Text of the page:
Da Real Fragmentation - Alarms
In order to prepare the talk, that my friend Raúl and I will give at Codemotion Spain 2016, I decided to write a series of posts explaining how alarms and sensors work and how Doze mode affects their normal behavior. In the talk, we’ll discuss those topics, the problems that we found along the way creating Drivies and how we have solved such fragmentation issues. Don’t miss it! In this first article, we are going to analyze alarms in Android. Let’s go!
Eventually you might need to schedule a task in background. There are a lot of scenarios when you need to execute something out of the public eye, even if your app is not running. For example, you might need to send a notification at some later time or to check periodically if an event occurred. To implement that kind of operation we use alarms.
Scheduled work on Android can be implemented differently according to frequency, foreground vs. background and your
minSdkVersion. In some cases, you can use a simple
postDelayed() loop. But, as you may already know, it only works if your process is still alive. If you no longer have a process, the better way to handle the job is to use
JobScheduler, introduced in Lollipop, does the same. For the sake of simplicity, we are going to focus firstly on
AlarmManager. We’ll explore the different configuration options, explaining their pros and cons showing how Doze mode affects each.
JobScheduler will be covered in a future post.
In order to set up alarms, first of all, we have to know the different options available. Let’s review them in depth.
We should analyze if our alarms have to wake up the device or not. As you can imagine, devices enter into Sleep mode after a certain period of inactivity. This means that the CPU of the device has nothing to do and the system stops it. In this state, you can only count on GSM or CDMA radio and
AlarmManager. Anything keeping a
WakeLockmaintains the device awake, thereby preventing the system from entering this mode. So, if you need to ensure that the alarm will be fired at the scheduled time, you should use the wakeup version. But be careful, because this is not recommendable in the interest of battery life. Alternatively, if you don’t use the wakeup style and the device is asleep, alarms will fire when the device is next awake.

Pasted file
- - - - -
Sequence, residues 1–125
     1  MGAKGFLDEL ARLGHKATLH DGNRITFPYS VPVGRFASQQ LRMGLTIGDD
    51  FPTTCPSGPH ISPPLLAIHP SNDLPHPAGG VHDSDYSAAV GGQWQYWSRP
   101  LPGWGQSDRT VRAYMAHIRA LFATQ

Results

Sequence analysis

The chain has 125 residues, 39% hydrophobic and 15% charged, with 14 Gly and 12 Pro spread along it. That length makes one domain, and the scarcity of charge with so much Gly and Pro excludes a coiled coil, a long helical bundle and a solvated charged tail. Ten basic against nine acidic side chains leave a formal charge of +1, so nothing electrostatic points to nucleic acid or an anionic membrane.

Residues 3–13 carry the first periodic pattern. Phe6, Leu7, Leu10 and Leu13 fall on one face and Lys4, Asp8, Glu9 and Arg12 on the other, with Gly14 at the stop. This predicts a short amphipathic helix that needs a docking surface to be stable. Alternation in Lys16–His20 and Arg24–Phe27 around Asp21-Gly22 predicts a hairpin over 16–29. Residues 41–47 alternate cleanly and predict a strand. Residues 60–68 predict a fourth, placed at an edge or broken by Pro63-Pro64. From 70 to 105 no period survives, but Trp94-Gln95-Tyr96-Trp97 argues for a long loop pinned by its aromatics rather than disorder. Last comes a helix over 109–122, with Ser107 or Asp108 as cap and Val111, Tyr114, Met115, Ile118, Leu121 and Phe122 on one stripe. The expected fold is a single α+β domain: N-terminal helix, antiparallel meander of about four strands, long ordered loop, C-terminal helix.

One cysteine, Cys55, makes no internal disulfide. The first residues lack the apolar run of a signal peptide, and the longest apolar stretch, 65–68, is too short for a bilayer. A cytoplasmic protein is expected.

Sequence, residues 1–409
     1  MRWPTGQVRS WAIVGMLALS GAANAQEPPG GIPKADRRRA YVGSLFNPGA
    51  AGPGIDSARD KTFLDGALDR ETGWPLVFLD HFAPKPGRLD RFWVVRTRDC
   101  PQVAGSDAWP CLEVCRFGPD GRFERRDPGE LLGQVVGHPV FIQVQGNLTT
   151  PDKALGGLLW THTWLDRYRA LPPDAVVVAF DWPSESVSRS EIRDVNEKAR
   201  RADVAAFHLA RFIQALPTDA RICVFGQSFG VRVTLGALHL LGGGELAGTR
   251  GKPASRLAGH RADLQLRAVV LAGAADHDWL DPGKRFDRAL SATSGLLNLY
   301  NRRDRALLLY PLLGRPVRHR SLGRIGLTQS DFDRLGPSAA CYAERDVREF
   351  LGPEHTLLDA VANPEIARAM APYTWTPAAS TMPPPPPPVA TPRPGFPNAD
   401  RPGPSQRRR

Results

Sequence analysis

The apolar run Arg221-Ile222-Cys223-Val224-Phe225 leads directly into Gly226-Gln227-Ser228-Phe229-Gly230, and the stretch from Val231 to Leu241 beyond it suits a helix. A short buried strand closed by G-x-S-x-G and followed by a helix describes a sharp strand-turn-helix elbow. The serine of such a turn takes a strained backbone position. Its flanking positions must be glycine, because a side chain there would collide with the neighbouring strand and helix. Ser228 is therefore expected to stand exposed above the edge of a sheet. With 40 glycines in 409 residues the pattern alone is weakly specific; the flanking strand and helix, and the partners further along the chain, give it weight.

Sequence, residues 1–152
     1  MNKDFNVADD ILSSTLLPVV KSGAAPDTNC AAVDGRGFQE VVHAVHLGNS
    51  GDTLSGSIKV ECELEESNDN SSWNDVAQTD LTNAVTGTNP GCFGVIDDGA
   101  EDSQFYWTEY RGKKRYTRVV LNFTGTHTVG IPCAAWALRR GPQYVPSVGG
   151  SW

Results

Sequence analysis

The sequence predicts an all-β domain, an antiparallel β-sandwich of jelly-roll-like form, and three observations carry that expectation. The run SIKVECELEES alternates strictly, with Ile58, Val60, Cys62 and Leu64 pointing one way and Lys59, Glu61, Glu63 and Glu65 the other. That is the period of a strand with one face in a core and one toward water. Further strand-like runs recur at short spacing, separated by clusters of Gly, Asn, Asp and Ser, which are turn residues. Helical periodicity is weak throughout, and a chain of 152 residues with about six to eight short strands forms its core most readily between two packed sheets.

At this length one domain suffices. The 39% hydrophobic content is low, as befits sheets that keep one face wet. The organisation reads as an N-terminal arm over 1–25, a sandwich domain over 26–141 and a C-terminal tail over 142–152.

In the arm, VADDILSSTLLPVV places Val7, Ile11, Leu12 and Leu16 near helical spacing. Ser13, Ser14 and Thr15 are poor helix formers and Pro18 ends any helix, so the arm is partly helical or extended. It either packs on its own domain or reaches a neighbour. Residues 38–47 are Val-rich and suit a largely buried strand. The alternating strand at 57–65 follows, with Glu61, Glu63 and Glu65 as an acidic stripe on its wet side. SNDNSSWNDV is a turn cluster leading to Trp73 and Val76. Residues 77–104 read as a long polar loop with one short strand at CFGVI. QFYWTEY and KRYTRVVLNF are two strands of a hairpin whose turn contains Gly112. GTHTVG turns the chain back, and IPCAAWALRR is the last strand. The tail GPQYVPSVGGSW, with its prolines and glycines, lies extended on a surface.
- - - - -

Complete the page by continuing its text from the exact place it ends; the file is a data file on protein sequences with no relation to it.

We are able to configure the rate scheduling, as well. In fact, we can either create one-shot alarms, or repeating alarms at a regular period of your preference. Beware of repeating alarms because if you don’t design them properly, you could end up abusing system resources.
Another decision to take into account is how precise your alarms need to be. There are two options: exact and inexact. Exact alarms will fire at the scheduled time whereas, in the inexact ones, Android synchronizes multiple inexact alarms around the same time somewhat, reducing the drain on the battery. Logically, you should avoid using exact alarms if possible.
Android supports two clock types for alarm service: elapsed real time and real time clock (RTC). The first corresponds to the time since the device last booted (a time relative to now) and the second uses UTC time (an absolute time). This means that elapsed real time is suited to set alarms that should fire based on the passage of time (most of the polling operations). If you want to set an alarm which is dependent on real world time (current locale), then the real time clock is more suitable (alarm clocks or calendar alerts). Note that elapsed real time is the better choice because if the user changes the device’s locale or their time settings, it could cause some unexpected behavior in the app. Even more, using a real time clock alarm clock does not scale well because if you set a concrete time for an app to sync a server, the load on the server could result in high latency or be overwhelmed when all instances hit at the same time.
Finally, we have to tell Android what to do when alarms occur. We will do that supplying a
Below is the list of the different alarm types available.
ELAPSED_REALTIME: Fires the pending intent based on the amount of time since the device was booted, but doesn’t wake up the device. The elapsed time includes any time during which the device was asleep.
ELAPSED_REALTIME_WAKEUP: Wakes up the device and fires the pending intent after the specified length of time has elapsed since device boot.
RTC: Fires the pending intent at the specified time but does not wake up the device.
RTC_WAKEUP: Wakes up the device to fire the pending intent at the specified time.
There are a bunch of methods that you can call on
AlarmManager to establish an alarm. Following we are going to describe each.
set(): Schedule an alarm. Added in API level 1. On Android 4.3 (API level 18) and below
set()has the same behavior as
setExact(). However, beginning in API 19, the trigger time passed to this method is treated as inexact and alarms can be deferred and delivered any time thereafter. Like other inexact policies, the goal is to batch alarms together in order to minimize the number of wakeups and improve battery efficiency. Note that alarms’ actual delivery ordering may not match the order of their requested delivery times. If your application has strong ordering requirements use